Welcome to PhysicsOverflow! PhysicsOverflow is an open platform for community peer review and graduate-level Physics discussion.

Please help promote PhysicsOverflow ads elsewhere if you like it.

PO is now at the Physics Department of Bielefeld University!

New printer friendly PO pages!

Migration to Bielefeld University was successful!

Please vote for this year's PhysicsOverflow ads!

Please do help out in categorising submissions. Submit a paper to PhysicsOverflow!

... see more

(propose a free ad)

I have a question regarding calculating the following integral with cutoff. $$ \int_{-\infty}^{\infty} \frac{d\omega}{|\omega|} \cos(\omega(\tau_i-\tau_j)-1)$$

How should I set up the correct cutoff so that the result of the integral becomes: $$-2\ln \frac{\tau_i-\tau_j}{\tau_c}$$ where $\tau_c$ is the short time cutoff~$E_F^{-1}$.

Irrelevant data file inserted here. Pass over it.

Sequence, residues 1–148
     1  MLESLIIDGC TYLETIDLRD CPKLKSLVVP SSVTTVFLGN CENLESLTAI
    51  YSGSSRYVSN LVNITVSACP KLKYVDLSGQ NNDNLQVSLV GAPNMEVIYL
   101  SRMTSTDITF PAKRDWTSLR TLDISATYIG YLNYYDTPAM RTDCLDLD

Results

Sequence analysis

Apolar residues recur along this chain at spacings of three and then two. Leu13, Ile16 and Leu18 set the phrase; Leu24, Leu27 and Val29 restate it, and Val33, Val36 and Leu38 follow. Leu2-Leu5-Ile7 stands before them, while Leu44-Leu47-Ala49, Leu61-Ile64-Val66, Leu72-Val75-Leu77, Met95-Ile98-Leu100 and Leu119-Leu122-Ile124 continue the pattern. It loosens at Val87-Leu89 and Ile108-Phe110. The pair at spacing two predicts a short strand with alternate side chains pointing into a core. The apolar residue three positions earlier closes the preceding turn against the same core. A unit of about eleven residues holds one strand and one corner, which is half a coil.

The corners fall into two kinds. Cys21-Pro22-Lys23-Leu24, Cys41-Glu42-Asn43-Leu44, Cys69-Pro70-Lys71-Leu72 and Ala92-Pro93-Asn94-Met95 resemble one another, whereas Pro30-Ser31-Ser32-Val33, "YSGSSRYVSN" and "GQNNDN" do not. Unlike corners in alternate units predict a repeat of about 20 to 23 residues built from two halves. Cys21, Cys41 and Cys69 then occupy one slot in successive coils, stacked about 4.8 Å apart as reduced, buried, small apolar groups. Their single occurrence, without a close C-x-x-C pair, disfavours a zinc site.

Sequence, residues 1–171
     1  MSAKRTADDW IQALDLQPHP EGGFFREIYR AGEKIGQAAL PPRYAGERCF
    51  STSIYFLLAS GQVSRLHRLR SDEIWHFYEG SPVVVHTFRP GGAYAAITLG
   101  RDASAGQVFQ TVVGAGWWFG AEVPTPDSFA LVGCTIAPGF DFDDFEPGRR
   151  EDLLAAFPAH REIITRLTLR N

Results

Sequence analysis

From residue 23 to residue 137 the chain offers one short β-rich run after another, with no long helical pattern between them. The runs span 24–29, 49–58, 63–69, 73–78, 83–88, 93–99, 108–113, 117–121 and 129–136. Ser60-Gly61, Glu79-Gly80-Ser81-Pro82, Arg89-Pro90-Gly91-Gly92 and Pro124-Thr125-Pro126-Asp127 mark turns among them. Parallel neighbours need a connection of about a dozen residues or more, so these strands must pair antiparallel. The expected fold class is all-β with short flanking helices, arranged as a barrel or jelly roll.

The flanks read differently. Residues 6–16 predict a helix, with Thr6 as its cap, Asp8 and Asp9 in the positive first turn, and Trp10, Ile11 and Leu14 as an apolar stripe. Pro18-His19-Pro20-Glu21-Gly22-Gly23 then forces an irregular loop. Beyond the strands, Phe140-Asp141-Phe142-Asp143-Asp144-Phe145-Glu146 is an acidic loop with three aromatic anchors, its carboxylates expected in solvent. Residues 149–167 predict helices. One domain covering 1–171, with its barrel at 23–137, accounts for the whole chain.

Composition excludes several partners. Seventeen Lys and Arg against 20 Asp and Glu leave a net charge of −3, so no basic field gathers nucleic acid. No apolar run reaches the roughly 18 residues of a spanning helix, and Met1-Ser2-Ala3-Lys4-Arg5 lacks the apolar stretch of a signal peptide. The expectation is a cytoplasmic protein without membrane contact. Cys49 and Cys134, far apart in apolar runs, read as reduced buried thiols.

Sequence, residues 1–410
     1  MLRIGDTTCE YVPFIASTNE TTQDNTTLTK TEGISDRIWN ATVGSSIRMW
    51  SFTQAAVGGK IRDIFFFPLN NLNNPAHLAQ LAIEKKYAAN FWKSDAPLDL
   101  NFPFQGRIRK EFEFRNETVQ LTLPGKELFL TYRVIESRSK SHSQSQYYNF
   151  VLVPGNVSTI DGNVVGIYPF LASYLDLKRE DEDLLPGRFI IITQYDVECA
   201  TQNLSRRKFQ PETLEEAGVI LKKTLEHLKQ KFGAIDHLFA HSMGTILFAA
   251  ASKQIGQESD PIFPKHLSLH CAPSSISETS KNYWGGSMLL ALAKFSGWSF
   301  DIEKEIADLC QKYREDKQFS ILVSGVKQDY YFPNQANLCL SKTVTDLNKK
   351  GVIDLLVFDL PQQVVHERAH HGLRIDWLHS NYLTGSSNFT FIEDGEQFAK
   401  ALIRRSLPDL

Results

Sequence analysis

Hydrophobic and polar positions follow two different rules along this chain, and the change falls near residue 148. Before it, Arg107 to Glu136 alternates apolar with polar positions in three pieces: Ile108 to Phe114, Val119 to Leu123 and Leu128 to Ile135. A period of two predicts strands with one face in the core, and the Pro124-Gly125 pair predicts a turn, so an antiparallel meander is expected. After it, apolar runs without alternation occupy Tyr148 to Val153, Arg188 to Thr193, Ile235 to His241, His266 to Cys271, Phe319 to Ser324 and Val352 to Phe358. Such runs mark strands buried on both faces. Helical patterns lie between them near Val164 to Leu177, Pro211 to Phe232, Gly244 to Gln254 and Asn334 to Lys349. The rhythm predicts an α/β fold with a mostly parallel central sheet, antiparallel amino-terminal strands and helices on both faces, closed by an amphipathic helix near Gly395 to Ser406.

This calculation is from certain resonant tunneling problem of Luttinger liquid, for which you can obtain renormalization group flow equation.

rewrite the cosine in terms of exponenials, and add a tiny real part to the exponents.

In more detail, rewrite the integral as twice the integral from 0 to $\infty$, abbreviate $\tau_i-\tau_j$ by $t$, differentiate with respect to $t$ to get rid of the denominator, use $cos x = (e^{ix}+e^{-ix})/2$, and change $e^{iz}$ to $e^{iz-\epsilon\omega}$ to be able to perform the integration. Then set $\epsilon=0$ and integrate the result from $t=\tau_c \approx 0$ to $t=\tau_i$-$\tau_j$.

Could you explain a little bit more in detail?

I added some details.

So how do you handle the 0 for integral of (1/t), wouldn't that produce -infinity there?

In the final integration w.r. to $t$, one needs the cutoff mentioned.

user contributions licensed under cc by-sa 3.0 with attribution required